In general, there are three ways to obtain monolayer graphene sheets suitable to that task: the sticky-tape "exfoliation" method used in 2004 to isolate the material for the first time; chemical vapor deposition on copper or other material; and growth on an insulating silicon carbide substrate, which the PML researchers employ.**

No matter how it is obtained, however, incorporating graphene into a practical standard entails the same sort of lithographic techniques used to fabricate most microstructures: features are created by spin-coating a polymer-based liquid over a surface, drying it, and exposing certain regions of the sample to light or to an electron beam to form masks for etching.

"There are serious difficulties when working on graphene in that environment," says physicist Rand Elmquist of the Quantum Measurement Division. "Being an open surface, graphene is very sensitive to chemicals in the air or from materials it contacts. In normal photolithography or electron-beam lithography, the fabrication process lays down organic compounds – the liquid resist – onto whatever material is being treated. Those organic compounds leave a residue on graphene that won't come off, creating imperfections in surfaces and contacts that can affect the electronic behavior.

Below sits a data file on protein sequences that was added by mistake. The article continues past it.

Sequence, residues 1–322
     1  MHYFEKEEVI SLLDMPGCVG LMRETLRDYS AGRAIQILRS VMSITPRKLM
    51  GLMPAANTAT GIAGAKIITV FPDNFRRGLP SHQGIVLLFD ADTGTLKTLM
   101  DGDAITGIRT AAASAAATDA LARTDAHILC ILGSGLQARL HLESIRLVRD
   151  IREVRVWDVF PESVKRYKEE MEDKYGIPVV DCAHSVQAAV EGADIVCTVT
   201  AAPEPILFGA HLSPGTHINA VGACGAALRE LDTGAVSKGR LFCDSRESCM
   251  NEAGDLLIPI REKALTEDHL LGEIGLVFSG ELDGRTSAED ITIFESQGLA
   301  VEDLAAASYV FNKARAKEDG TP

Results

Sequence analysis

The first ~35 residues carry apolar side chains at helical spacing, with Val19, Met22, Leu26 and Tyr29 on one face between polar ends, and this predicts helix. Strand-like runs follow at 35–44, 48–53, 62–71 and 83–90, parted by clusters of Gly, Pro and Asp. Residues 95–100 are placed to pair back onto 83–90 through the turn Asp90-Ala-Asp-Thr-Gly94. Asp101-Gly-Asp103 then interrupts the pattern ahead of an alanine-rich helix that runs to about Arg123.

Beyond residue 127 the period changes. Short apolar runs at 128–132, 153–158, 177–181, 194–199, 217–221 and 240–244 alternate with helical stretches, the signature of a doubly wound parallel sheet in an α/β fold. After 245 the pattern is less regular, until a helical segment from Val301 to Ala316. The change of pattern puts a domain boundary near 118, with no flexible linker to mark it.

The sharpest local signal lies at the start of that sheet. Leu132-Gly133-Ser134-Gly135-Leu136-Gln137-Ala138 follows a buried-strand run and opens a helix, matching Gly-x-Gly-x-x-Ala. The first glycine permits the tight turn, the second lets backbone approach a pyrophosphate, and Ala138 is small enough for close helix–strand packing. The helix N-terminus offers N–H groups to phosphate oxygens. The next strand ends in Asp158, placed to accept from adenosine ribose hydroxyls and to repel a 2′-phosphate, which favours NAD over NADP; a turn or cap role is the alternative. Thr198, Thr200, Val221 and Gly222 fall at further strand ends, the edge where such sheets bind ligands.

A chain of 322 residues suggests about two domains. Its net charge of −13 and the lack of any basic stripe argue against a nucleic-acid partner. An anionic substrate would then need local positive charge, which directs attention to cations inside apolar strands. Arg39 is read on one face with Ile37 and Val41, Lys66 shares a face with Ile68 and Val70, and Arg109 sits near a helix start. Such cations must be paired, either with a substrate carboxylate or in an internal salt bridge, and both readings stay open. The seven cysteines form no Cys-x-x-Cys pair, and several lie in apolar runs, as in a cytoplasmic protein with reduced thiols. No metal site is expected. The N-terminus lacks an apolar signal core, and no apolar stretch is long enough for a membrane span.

"So we came up with a new way to make devices that we hoped would produce better contacts, and also keep the graphene clean, and free of organic contamination."

This method, developed at PML by physicist Yanfei Yang involves coating a sheet of graphene on a section of silicon carbide wafer with about 15 nanometers of gold before any lithography. Patterns are developed using traditional photolithography to remove any unwanted gold-coated graphene. Then, the areas that will be the Hall bar contacts get a thicker coating of gold, so that they will make good connections for wires used in electrical measurements. In the last step, the gold layer over the area of graphene that will serve as the Hall bar is removed with dilute aqua regia, a mixture of nitric acid, hydrochloric acid, and deionized water, leaving the graphene almost completely clean.